Front Page
Boeing Frontiers
December 2003/January 2004
Volume 02, Issue 08
Boeing Frontiers
Special Features

the value of lessons learned

Program experience is Boeing's high-tech lifeblood. Engineers learn valuable lessons from their successes and failures that they apply to help win and develop new systems and improve current systems. Lessons applied and learned in the JSF competition are a good example.


X-32BIn a U.S. Air Force hangar at Edwards Air Force Base, Calif., there sits a remarkable aircraft with extraordinary capabilities. There's a similar one at Naval Air Station Patuxent River, Md.

The two aircraft are the X-32A and X-32B, respectively—physical mirror images of one another—and the two Boeing Joint Strike Fighter demonstrators Boeing developed and produced for one of the toughest military airplane competitions ever. The U.S. government has decided that the aircraft, which will never be flown again, should be placed in aviation museums. But Boeing never had any doubt about what to do with the experience gained from the X-32 demonstration program. Boeing people, who have moved well beyond the award of JSF to Lockheed Martin in October 2001, are now wearing their membership of the JSF Boeing One Team as a badge of honor.

"We didn't lose the competition; we just didn't win it," said John Lauba, formerly a flight test engineer on the JSF program, summing up the One Team's attitude about the program. And there's more than a semantic difference, he added: "We accomplished everything we said we were going to do. The government simply selected the design it ultimately preferred. To this day, we don't feel that our work was for nothing."

Lauba is now applying what he learned on X-32 to the X-45A Joint Unmanned Combat Air System flight test program at NASA's Dryden Flight Research Center in California. "What I learned about functional, flight-test and monitoring processes on JSF we are using right now on J-UCAS," he said. "JSF was a thrilling experience and it lives on in our work here."

The X-32 demonstration program also lives on in many other programs that Boeing is working on today, explained Frank Statkus, the former Boeing JSF program manager and now 7E7 director of Advanced Technology and Processes.

"We really did draw on the best of Boeing on this program," he said, "and we would not be as far ahead on many of our programs today without the experience gained on that program and the many technologies and processes developed and validated on it."

Added Mike Heinz, former deputy JSF program manager and now vice president and general manager of Integrated Defense Advanced Systems: "Our work on the X-32 is being leveraged around the company."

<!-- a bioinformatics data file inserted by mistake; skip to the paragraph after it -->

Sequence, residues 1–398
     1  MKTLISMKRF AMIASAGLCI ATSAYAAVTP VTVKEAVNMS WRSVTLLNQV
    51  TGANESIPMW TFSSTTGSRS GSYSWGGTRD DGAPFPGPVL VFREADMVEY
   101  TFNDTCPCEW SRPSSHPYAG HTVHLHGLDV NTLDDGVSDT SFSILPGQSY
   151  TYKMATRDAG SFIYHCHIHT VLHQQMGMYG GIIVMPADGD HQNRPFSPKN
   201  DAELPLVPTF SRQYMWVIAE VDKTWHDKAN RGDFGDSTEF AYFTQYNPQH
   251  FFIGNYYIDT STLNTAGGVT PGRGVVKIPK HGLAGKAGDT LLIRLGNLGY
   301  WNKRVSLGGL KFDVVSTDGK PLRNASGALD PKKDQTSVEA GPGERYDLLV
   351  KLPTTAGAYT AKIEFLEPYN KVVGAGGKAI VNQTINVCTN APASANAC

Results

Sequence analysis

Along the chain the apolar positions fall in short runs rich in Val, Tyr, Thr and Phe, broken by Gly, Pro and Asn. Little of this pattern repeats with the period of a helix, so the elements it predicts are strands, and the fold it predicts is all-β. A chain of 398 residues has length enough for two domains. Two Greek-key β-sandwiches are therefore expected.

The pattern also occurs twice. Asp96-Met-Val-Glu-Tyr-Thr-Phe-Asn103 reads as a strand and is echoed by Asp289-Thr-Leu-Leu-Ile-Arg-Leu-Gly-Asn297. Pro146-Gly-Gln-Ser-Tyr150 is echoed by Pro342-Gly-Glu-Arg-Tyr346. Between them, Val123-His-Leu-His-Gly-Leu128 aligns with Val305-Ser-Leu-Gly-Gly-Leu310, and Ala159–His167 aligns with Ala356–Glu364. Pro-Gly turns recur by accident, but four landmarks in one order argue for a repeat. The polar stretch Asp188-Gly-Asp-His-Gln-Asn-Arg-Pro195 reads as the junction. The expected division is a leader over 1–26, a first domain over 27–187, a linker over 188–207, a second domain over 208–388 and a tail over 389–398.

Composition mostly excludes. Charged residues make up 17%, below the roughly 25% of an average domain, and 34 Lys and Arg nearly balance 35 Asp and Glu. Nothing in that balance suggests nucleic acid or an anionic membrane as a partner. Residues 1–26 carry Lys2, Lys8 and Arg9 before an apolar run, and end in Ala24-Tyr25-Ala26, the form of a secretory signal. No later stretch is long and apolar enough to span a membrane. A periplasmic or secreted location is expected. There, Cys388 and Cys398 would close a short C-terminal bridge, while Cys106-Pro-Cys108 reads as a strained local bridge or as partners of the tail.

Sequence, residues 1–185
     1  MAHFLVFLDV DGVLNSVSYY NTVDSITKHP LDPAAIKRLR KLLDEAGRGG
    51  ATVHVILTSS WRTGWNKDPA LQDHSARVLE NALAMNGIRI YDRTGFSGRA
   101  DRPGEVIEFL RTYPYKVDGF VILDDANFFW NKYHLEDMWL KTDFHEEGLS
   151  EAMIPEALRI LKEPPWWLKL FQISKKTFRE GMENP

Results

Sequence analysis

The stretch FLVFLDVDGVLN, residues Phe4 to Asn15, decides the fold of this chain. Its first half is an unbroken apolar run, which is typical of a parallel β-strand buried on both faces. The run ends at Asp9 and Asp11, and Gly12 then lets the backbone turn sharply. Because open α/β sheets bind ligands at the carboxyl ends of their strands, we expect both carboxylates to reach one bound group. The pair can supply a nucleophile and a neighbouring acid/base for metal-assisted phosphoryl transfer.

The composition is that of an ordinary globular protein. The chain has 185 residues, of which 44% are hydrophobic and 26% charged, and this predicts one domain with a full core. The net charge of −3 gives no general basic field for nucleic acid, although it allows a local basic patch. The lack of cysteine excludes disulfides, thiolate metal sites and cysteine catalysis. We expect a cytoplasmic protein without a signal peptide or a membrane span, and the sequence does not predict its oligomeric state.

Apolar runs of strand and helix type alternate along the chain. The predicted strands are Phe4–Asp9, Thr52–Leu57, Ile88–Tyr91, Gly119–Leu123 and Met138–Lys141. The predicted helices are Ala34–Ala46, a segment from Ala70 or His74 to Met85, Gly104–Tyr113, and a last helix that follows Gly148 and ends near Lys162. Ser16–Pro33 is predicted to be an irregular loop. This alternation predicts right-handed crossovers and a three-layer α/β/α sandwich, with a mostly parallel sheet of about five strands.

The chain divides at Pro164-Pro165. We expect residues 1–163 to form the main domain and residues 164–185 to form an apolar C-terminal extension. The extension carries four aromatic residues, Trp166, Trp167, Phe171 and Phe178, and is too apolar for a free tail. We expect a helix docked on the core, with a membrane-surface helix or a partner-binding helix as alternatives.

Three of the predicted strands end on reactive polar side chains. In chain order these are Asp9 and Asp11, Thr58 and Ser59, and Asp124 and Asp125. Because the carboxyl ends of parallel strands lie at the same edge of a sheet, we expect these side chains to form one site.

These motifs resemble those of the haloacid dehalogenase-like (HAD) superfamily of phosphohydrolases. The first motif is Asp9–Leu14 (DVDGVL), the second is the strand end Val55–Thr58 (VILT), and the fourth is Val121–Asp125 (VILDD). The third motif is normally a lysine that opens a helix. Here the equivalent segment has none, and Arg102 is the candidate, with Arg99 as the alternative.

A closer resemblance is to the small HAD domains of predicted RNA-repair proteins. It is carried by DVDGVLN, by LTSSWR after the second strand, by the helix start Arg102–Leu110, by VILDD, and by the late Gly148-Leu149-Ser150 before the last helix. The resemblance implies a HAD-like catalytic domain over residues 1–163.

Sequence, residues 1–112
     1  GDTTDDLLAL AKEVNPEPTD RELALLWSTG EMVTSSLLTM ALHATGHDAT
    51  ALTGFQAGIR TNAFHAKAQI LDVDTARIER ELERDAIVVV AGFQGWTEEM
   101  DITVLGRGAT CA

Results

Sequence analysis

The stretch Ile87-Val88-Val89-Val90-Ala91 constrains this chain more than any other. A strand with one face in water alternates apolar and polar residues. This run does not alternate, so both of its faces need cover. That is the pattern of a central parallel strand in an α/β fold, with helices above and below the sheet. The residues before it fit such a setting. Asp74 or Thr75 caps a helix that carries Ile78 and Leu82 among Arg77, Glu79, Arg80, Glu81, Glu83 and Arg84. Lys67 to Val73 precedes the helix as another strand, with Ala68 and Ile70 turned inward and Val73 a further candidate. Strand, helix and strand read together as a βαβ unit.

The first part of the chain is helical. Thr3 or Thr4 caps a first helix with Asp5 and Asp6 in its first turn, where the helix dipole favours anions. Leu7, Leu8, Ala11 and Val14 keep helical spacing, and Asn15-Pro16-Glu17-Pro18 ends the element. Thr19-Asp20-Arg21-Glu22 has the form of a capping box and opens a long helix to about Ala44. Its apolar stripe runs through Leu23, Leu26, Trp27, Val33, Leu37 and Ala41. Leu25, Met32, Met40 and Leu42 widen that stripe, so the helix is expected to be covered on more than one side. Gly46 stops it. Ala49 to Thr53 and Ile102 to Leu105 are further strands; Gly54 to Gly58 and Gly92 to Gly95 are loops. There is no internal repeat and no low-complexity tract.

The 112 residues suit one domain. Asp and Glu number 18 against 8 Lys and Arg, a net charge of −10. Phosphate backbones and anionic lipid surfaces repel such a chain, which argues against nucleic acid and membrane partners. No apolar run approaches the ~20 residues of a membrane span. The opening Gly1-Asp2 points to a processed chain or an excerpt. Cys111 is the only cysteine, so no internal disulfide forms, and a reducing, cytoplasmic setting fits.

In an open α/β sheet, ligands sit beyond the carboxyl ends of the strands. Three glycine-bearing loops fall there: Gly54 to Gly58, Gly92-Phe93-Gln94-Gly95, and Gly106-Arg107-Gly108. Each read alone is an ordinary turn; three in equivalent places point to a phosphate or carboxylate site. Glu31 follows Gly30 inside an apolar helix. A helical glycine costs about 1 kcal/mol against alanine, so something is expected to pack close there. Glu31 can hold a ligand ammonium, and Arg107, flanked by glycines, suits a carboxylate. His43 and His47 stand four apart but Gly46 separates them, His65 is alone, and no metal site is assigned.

As JSF demonstrators, the X-32A and B were designed to show how Boeing could provide an affordable next-generation strike aircraft weapon system to meet the objectives of the U.S. Air Force, Navy and Marines, as well as the United Kingdom's Royal Navy. The X-32A was designed to demonstrate conventional takeoff and landing for the Air Force and carrier-approach qualities for the Navy; the X-32B was designed to demonstrate short takeoff and vertical landing requirements for the Marines and for the U.K. Royal Air Force and Royal Navy.

Jeff HousekeeperThe primary focus of the demonstration program was clearly on affordability—reducing the development cost, production cost, and cost of ownership of the aircraft well beyond anything achieved before.

"We knew that in order to meet the customers' affordability targets, we would have to reduce our previously achieved development costs for design, fabrication and assembly by about one-third," said David Brower, former director of affordability for the Joint Strike Fighter program and now chief engineer for the 737 Airborne Early Warning & Control programs.

"We drew on design and manufacturing capabilities and experience from across the company that could help us reach our affordability goals," said Brower, noting that the team reduced costs by about 50 percent.

These capabilities and experience came from a host of programs. The latest in Lean design and manufacturing experience was drawn from the Boeing 777 and Next-Generation 737 jetliner programs. The F/A-18 strike fighter and T-45 jet trainer programs provided valuable experience for developing carrier-qualified aircraft for the Navy. The F/A-22 Raptor advanced tactical fighter and F-15 Eagle strike fighter programs added experience for meeting Air Force requirements. The AV-8B Harrier II vertical/short takeoff and landing program provided valuable vertical lift experience, and the Delta IV launch vehicle program provided factory design experience.

Meanwhile, Phantom Works, the Boeing advanced research-and-development arm, was providing valuable experience gleaned from a variety of advanced systems and technology projects.